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Jeff Beck - You Had It Coming CD (album) cover


Jeff Beck

Jazz Rock/Fusion

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Chris S
Honorary Collaborator
3 stars Excellent to see Jeff Beck included on Progressive Archives. It is hard however to not over rate such an incredible guitarist because nearly everything he releases is jaw droppingly good.This 2001 release is no exception and I rate this as one of his best albums. ' Roy's Toy' is incredible with an almost derranged beat and drum delivered by Steve Alexander. Beck's guitar work is nothing short of mesmerizing.' Dirty Mind' is another great song, nothing lacking in it's suggestive overtones either and great vocal work from Imogen Heap.' Blackbird' is another very clever instrumental. I am surprised he has not released anything else since 2001, but this is by far one of his best albums.Three and a half stars actually!
Report this review (#118611)
Posted Monday, April 16, 2007 | Review Permalink
4 stars This is the second of three straight releases where Jeff Beck blends his always innovative guitar approach to the rythms of electronica, industrial, and a little bit of hip hop for good measure. He actually put this album together quickly as it followed on the heels of "Who Else" and unlike his peers from the Yardbirds(the holy trinity) he has never rested on his blues laurels always pushing the envelope to new innovative heights. His guitar playing at points sounds "otherwordly" and yet he does a great job recreating Muddy Waters blues classic "Rollin and Tumblin" featuring a very talented Immogene Heap on vocals. She also appears on the very sexy Beck composition "Dirty Mind". Beck lets the guitar do the singing (or talking) for him on the rest of the album with stand out tracks being the industrial "Earthquake", the melodic "Rosebud" and three all very beautiful pieces "Nadia", "Blackbird" where he duets with birds(very cool stuff) and the album closer "Suspension" which is an absolutely beautiful piece of guitar playing. Highly recommended and I would give it 4.5 stars if I could.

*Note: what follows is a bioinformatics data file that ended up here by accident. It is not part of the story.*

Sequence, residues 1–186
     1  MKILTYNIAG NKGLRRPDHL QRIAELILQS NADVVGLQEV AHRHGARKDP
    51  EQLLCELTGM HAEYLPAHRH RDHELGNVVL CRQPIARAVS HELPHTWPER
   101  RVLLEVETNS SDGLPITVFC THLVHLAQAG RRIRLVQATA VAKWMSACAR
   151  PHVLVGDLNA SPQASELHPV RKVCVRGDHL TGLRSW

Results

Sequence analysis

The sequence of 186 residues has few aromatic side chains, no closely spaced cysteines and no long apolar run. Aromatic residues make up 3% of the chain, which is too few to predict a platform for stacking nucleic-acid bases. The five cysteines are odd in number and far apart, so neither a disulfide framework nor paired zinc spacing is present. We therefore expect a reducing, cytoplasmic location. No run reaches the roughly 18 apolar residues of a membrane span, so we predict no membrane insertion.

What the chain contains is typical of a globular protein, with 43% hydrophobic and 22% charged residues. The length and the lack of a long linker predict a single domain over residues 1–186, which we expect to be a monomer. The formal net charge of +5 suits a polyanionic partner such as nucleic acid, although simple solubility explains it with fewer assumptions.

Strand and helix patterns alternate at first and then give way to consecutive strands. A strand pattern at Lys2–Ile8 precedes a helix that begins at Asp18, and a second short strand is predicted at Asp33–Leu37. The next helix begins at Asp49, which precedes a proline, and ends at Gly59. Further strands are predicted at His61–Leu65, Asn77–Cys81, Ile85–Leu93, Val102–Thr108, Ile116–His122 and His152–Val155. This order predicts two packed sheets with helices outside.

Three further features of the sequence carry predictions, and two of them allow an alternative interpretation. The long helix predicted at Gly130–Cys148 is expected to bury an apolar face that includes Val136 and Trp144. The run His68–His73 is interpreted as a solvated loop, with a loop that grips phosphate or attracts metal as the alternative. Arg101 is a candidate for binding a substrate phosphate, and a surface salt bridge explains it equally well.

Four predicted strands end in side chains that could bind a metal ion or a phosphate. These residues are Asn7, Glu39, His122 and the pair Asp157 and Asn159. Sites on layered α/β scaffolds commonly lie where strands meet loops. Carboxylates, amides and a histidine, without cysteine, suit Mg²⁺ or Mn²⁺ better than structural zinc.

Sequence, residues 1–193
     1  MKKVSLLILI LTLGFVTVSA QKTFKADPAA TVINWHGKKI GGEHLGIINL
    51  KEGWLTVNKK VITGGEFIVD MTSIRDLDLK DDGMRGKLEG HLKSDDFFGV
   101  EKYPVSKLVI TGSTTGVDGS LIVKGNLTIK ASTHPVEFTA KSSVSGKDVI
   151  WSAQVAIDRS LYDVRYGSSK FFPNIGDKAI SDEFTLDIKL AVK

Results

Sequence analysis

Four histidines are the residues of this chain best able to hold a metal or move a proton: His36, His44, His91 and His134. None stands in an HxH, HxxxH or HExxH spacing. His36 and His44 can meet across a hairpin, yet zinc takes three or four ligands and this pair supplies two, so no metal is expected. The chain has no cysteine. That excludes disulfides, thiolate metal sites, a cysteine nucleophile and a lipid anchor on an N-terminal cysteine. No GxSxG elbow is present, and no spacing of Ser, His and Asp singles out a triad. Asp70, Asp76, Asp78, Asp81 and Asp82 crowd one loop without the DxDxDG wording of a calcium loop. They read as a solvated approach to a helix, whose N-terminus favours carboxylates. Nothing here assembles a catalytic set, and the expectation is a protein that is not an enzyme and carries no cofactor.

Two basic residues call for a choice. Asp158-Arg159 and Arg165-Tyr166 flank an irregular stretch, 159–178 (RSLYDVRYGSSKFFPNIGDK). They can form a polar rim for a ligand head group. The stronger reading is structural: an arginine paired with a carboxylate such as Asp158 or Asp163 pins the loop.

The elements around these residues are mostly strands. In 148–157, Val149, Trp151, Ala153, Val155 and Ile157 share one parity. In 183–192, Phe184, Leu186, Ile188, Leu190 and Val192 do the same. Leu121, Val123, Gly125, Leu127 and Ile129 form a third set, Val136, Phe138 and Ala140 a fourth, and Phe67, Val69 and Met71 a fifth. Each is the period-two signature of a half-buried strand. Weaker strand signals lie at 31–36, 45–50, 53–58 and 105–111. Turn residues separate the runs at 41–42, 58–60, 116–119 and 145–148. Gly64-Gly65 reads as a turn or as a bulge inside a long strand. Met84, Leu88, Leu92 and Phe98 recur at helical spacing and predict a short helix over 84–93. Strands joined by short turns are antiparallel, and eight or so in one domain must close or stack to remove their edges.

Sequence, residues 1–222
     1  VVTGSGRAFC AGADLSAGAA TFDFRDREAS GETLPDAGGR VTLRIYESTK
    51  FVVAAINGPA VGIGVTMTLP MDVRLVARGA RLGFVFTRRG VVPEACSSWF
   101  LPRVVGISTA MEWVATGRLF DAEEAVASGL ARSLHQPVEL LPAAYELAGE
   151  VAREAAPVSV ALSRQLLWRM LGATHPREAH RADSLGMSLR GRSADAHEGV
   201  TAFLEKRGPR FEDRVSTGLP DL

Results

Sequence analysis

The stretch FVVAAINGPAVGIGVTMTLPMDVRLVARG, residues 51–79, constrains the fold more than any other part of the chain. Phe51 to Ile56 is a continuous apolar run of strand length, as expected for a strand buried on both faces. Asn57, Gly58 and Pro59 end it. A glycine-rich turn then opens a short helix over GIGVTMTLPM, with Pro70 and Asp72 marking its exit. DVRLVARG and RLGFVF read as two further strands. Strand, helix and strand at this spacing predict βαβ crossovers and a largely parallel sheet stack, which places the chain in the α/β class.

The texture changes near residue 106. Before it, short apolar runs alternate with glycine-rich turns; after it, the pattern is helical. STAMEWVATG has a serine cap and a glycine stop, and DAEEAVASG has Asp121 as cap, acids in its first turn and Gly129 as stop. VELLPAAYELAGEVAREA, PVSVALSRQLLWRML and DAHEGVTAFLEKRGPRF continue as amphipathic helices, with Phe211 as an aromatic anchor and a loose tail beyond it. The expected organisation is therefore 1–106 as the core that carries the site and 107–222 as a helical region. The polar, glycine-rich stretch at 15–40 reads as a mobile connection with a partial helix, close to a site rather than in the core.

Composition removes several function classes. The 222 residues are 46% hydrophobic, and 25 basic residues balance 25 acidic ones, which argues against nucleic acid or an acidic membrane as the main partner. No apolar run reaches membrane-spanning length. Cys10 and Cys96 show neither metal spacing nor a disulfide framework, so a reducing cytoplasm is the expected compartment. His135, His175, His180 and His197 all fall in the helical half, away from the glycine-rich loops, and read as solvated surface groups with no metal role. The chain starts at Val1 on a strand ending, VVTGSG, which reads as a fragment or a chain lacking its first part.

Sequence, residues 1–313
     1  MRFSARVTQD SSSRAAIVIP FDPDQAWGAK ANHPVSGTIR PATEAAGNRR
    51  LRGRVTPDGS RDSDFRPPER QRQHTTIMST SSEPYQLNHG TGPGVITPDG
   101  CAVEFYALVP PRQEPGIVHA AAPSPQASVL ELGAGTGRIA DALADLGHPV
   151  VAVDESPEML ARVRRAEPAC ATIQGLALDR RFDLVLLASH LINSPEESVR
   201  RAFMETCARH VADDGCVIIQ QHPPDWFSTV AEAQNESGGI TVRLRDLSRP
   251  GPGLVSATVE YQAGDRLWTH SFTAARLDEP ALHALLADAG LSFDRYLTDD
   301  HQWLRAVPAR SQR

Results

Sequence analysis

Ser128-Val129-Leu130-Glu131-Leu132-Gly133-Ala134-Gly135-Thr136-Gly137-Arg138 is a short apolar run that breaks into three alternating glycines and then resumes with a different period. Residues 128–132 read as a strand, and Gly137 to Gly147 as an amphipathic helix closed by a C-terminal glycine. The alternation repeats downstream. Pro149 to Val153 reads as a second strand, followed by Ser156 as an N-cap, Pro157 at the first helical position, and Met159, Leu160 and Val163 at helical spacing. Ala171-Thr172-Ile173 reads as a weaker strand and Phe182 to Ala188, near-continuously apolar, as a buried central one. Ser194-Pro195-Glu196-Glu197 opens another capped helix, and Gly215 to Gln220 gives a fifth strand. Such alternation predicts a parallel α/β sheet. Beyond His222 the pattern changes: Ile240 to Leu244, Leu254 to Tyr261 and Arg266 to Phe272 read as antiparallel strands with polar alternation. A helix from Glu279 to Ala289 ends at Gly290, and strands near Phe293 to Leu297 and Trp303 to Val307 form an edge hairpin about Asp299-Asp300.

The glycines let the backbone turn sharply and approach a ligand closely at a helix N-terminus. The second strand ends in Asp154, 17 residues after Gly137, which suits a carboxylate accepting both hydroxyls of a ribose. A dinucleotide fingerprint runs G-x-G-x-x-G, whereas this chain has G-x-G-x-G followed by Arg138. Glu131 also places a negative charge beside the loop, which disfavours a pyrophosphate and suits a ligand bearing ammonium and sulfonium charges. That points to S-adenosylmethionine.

Report this review (#123195)
Posted Wednesday, May 23, 2007 | Review Permalink
4 stars Who says an old dog can't be taught new tricks?

Guitar legend and musical chameleon Jeff Beck met the 21st century head on with a new sound to match the new millennium: part techno grunge, part industrial electronica, but without ever sacrificing the patented lyricism of his distinctive guitar style.

The album is only 36 minutes long, but packs a lot into its all-too brief length. Most of it is instrumental, ranging from the aptly titled opening salvo "Earthquake" (having lived through a few during my childhood in Northern California, I can vouch for the song's unsettling sense of power) to the lush ambient chillout of the album closer, "Suspension". In between is the aggressive Harley-Davidson hip-hop of "Roy's Toy"; some gorgeous East Indian motifs (in "Nadia"); and lots of raw, effects-heavy soloing (I'm thinking in particular of the rocket-fueled instrumental "Loose Cannon", a personal favorite).